Association of Serum Soluble Urokinase Receptor Levels With Progression of Kidney Disease in Children

Franz Schaefer, Howard Trachtman, Elke Wühl, Marietta Kirchner, Salim S Hayek, Ali Anarat, Ali Duzova, Sevgi Mir, Dusan Paripovic, Alev Yilmaz, Francesca Lugani, Klaus Arbeiter, Mieczyslaw Litwin, Jun Oh, Maria Chiara Matteucci, Jutta Gellermann, Simone Wygoda, Augustina Jankauskiene, Günter Klaus, Jiri DusekSara Testa, Aleksandra Zurowska, Alberto Caldas Afonso, Melissa Tracy, Changli Wei, Sanja Sever, William Smoyer, Jochen Reiser, ESCAPE Trial Consortium and the 4C Study Group

Research output: Contribution to journalArticle

Abstract

Importance: Conventional methods to diagnose and monitor chronic kidney disease (CKD) in children, such as creatinine level and cystatin C-derived estimated glomerular filtration rate (eGFR) and assessment of proteinuria in spot or timed urine samples, are of limited value in identifying patients at risk of progressive kidney function loss. Serum soluble urokinase receptor (suPAR) levels strongly predict incident CKD stage 3 in adults.

Objective: To determine whether elevated suPAR levels are associated with renal disease progression in children with CKD.

Design, Setting, and Participants: Post hoc analysis of 2 prospectively followed up pediatric CKD cohorts, ie, the ESCAPE Trial (1999-2007) and the 4C Study (2010-2016), with serum suPAR level measured at enrollment and longitudinal eGFR measured prospectively. In the 2 trials, a total of 898 children were observed at 30 (ESCAPE Trial; n = 256) and 55 (4C Study; n = 642) tertiary care hospitals in 13 European countries. Renal diagnoses included congenital anomalies of the kidneys and urinary tract (n = 637 [70.9%]), tubulointerstitial nephropathies (n = 92 [10.2%]), glomerulopathies (n = 69 [7.7%]), postischemic CKD (n = 42 [4.7%]), and other CKD (n = 58 [6.5%]). Total follow-up duration was up to 7.9 years, and median follow-up was 3.1 years. Analyses were conducted from October 2016 to December 2016.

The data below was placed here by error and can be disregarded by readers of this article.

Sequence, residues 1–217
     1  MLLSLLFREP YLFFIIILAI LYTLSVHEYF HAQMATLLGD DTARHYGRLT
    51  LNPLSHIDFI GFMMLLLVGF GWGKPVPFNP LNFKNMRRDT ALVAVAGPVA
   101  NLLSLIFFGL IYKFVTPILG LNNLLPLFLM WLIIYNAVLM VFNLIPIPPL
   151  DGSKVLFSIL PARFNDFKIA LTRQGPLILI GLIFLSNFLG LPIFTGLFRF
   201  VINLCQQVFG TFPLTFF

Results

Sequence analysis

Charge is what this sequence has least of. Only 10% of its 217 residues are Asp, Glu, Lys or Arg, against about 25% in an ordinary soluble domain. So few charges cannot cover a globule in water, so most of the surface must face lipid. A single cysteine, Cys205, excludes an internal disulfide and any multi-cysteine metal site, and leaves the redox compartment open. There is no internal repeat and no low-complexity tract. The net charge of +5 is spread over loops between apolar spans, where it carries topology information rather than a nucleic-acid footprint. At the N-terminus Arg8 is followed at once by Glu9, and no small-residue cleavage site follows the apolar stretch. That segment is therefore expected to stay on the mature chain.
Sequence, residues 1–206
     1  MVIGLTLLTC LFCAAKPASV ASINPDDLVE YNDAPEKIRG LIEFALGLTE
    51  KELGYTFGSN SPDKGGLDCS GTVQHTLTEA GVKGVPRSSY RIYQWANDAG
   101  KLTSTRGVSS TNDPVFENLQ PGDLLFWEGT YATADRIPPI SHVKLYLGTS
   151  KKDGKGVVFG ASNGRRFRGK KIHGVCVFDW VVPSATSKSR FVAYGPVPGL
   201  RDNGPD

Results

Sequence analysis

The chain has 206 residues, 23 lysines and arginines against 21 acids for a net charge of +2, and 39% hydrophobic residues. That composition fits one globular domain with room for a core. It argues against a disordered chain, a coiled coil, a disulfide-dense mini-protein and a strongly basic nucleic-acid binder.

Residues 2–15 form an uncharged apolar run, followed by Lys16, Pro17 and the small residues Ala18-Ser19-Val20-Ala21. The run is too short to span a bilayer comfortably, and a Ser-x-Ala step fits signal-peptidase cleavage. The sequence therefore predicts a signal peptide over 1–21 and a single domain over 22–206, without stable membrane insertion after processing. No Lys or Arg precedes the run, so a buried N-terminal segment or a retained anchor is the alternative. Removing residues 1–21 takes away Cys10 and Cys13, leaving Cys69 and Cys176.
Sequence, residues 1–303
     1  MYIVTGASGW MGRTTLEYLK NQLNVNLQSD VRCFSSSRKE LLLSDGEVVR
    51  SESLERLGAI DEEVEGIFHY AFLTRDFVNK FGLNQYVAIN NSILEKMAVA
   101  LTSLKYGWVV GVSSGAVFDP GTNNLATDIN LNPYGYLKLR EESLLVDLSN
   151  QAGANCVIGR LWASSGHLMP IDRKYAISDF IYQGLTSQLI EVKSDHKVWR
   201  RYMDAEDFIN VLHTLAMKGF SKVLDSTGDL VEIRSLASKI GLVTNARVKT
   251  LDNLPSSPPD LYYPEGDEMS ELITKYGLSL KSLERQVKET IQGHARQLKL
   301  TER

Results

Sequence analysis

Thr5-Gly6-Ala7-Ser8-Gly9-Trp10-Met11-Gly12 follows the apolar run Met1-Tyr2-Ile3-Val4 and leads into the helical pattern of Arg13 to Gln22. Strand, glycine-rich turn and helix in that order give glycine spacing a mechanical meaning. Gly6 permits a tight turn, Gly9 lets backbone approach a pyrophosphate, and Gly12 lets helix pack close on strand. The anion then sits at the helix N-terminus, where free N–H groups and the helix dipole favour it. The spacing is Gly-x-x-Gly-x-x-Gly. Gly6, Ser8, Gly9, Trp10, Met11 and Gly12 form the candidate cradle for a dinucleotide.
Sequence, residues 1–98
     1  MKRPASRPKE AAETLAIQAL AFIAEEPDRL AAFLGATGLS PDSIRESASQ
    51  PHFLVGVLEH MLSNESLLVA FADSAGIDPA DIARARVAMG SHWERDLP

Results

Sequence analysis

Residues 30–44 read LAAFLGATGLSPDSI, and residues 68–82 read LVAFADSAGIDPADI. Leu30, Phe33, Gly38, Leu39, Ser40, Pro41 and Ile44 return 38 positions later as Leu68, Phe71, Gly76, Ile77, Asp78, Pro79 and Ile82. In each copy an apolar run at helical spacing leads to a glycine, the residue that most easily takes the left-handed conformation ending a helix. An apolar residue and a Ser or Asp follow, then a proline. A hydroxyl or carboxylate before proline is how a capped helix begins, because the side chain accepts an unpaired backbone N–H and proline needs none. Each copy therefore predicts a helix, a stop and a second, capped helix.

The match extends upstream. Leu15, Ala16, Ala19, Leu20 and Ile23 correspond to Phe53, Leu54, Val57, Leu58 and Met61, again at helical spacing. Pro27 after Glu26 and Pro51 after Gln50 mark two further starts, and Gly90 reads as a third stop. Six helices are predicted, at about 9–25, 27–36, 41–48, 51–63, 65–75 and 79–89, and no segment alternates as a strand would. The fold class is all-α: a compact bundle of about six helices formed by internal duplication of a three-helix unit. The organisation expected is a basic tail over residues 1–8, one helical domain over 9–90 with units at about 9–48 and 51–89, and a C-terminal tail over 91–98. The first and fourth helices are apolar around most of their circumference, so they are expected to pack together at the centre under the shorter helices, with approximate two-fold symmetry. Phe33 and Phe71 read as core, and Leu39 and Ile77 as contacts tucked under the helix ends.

Exposures: Serum suPAR level was measured at enrollment, and eGFR was measured every 2 months in the ESCAPE Trial and every 6 months in the 4C Study. The primary end point of CKD progression was a composite of 50% eGFR loss, eGFR less than 10 mL/min/1.73 m2, or initiation of renal replacement therapy.

Main Outcomes and Measures: The primary end point in this study was renal survival, defined as a composite of 50% loss of GFR that persisted for at least 1 month, the start of renal replacement therapy, or an eGFR less than 10 mL/min/1.73 m2.

Results: Of the 898 included children, 560 (62.4%) were male, and the mean (SD) patient age at enrollment was 11.9 (3.5) years. The mean (SD) eGFR was 34 (16) mL/min/1.73 m2. The 5-year end point-free renal survival was 64.5% (95% CI, 57.4-71.7) in children with suPAR levels in the lowest quartile compared with 35.9% (95% CI, 28.7-43.0) in those in the highest quartile (P < .001). By multivariable analysis, the risk of attaining the end point was higher in children with glomerulopathies and increased with age, blood pressure, proteinuria, and lower eGFR at baseline. In patients with baseline eGFR greater than 40 mL/min/1.73 m2, higher log-transformed suPAR levels were associated with a higher risk of CKD progression after adjustment for traditional risk factors (hazard ratio, 5.12; 95% CI, 1.56-16.7; P = .007).

Conclusions and Relevance: Patients with high suPAR levels were more likely to have progression of their kidney disease. Further studies should determine whether suPAR levels can identify children at risk for future CKD.

Original languageEnglish
Pages (from-to)e172914
JournalJAMA Pediatrics
Volume171
Issue number11
DOIs
Publication statusPublished - Nov 6 2017

Keywords

  • Adolescent
  • Biomarkers
  • Child
  • Disease Progression
  • Female
  • Follow-Up Studies
  • Humans
  • Male
  • Prospective Studies
  • Receptors, Urokinase Plasminogen Activator
  • Renal Insufficiency, Chronic
  • Renal Replacement Therapy
  • Journal Article
  • Observational Study

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    Schaefer, F., Trachtman, H., Wühl, E., Kirchner, M., Hayek, S. S., Anarat, A., Duzova, A., Mir, S., Paripovic, D., Yilmaz, A., Lugani, F., Arbeiter, K., Litwin, M., Oh, J., Matteucci, M. C., Gellermann, J., Wygoda, S., Jankauskiene, A., Klaus, G., ... ESCAPE Trial Consortium and the 4C Study Group (2017). Association of Serum Soluble Urokinase Receptor Levels With Progression of Kidney Disease in Children. JAMA Pediatrics, 171(11), e172914. https://doi.org/10.1001/jamapediatrics.2017.2914